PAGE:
"There's an advantage to running the Busch Series and Truck Series at certain race tracks as long as they're companion events to the Cup races, but the bottom line is I don't need to do anything that will take any energy away from me or my team, whether it's mental or physical energy. That's the way I look at it, and that's the way this team is structured. I'm happy doing what I'm doing. I don't need to go out there and do all those other races.
"A lot of it (restrictor-plate racing) is just pure survival. At Daytona last year we missed the wreck, went down through the grass in the infield, and came back and challenged for fifth and fell back to seventh at the end. The first Talladega race, we were going for third past halfway in the race and we lost an engine. We go back to Daytona for the night race, and we were challenging for fifth to get the No Bull 5 deal and got hit in the left rear corner, cut a tire down and crashed. Then we go back to Talladega and we had to battle a fuel mileage race there and ended up finishing seventh. We had good performances. They weren't great by DEI standards, but it's just a matter of being in the right place at the right time. A lot of it is luck and fortune. Last year we were in the wrong spot at the wrong time, but that's just part of it.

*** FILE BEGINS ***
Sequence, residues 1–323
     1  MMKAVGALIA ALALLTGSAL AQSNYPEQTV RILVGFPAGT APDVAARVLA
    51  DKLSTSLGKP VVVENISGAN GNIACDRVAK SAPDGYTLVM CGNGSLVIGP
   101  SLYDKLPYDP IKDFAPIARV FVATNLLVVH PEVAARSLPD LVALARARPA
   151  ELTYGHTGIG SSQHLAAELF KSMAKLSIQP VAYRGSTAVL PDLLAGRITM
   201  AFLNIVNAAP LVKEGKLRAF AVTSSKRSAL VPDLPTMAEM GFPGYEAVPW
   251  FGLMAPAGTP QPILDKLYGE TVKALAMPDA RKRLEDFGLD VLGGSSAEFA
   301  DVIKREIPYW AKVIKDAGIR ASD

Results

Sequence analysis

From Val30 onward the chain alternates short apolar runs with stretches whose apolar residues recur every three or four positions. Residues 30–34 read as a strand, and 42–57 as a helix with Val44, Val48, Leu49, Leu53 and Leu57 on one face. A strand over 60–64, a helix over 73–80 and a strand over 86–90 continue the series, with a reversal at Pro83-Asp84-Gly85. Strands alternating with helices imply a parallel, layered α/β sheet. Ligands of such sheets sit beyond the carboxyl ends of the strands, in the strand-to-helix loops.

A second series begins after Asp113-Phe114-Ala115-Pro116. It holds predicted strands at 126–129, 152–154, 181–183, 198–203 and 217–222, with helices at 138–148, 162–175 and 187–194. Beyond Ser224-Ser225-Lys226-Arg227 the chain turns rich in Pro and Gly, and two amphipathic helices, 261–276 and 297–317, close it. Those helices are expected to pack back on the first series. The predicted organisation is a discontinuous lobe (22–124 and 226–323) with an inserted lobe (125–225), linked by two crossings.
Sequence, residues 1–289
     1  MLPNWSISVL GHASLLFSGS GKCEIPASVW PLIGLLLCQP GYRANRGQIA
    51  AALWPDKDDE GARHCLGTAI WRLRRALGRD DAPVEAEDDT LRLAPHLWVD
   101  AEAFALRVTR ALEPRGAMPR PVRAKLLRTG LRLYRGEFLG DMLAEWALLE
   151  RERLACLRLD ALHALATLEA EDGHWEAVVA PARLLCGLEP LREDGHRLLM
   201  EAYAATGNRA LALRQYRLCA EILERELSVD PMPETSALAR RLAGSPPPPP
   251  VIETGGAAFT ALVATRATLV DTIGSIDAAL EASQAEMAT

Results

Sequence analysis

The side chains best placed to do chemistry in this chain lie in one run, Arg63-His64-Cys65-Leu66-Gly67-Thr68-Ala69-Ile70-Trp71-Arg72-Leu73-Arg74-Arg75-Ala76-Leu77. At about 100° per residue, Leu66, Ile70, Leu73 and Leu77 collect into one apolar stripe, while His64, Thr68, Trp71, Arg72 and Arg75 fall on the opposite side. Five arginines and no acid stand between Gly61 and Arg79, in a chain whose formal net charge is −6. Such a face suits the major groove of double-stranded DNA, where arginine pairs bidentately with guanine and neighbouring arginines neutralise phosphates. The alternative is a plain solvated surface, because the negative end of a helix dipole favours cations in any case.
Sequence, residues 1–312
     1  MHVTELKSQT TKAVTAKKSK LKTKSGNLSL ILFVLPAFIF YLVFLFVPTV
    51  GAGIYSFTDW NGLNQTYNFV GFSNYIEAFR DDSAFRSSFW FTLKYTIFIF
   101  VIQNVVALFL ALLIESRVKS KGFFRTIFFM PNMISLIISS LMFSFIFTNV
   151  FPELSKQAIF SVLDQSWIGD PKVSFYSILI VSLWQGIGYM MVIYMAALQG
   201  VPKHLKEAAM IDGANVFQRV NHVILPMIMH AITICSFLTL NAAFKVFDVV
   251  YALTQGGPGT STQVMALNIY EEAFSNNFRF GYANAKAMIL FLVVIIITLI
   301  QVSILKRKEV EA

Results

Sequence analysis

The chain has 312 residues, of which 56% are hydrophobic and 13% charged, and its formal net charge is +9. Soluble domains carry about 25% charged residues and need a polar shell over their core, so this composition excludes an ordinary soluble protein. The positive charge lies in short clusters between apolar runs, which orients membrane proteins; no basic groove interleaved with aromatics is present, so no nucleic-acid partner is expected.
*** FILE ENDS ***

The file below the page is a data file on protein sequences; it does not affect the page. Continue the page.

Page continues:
"The bottom line is it all comes back to the effort and how good of a race car you have as a team and what position you put yourself in just like any other race. When you're up front, there's a better chance of missing crashes and having good fortune being able to create the strategies because when you're leading and come in, you're the guy everybody is judging off of. That's one of the biggest things. When you see these DEI cars they start up front and stay up front, and they create their own destiny because of that.